Chag Sameach. Here we are in the year 5781, filled with prayers and messages of faith, renewal and hope for a sweet and healthy New Year. We are at that auspicious time of the year when we have heard the Biblical wake-up call of the shofar, and have symbolically cast our sins upon the waters.
The traditions are familiar, yet it is all very different. The hugs are not there. The touch of the hand is missing. Though family and friends may be far away, we embrace them in new ways. So, too, during this great pandemic, we
hold our shul family close.
Could we have imagined our accomplishments in these uncharted waters? Services and new educational and entertaining programs. Meetings and zoom celebrations. Virtual fundraisers that have exceeded the successes of past years. And even our High Holiday services are on Zoom, from our sanctuary.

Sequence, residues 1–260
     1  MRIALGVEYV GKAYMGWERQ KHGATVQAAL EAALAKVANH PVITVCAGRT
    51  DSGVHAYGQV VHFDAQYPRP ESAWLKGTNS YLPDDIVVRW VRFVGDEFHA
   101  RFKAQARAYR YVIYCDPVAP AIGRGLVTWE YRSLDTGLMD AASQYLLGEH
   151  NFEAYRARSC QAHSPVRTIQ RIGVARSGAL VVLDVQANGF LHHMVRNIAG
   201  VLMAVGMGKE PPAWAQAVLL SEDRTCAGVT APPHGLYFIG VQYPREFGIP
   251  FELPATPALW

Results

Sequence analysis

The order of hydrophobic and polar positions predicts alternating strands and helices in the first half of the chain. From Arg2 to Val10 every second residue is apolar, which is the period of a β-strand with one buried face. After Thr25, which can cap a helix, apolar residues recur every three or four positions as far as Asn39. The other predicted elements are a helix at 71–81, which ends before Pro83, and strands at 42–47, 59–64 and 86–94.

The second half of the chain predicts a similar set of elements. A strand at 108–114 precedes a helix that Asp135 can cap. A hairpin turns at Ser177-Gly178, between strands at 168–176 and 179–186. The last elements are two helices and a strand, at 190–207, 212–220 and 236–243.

Those new and daring initiatives can be topped now only with our newest endeavor. It is one with a touch of chutzpah. The 2020 High Holiday Matching Gift Campaign. I like to describe our new venture as one of the pleasures of the pandemic. Why, you might ask? Because it is working. We successfully called upon a group of 13 dedicated and generous shul members, who have contributed to a funding “pot” that will be used to match the donations we receive from you for these High Holidays.

Please be as generous as you can. Remember, every gift matters. Every gift counts.

Whatever you contribute will be matched. Dollar for Dollar. 1:1. Think about it. You have a unique opportunity this year to double your contribution. A pretty good investment, I would say.
Just go to our website,, and click on the “Donate” button. You will have the option of paying by credit card or mailing a check.
I extend my personal thanks to each of you for your good will in this special year, which calls for empathy and compassion to sustain our community, our country, and our synagogue.

We are on our way to a remarkable finish this year. But remember, we need you to get there. I thank you, and I wish you all L’Shanah Tovah.
—Judith K. Weiner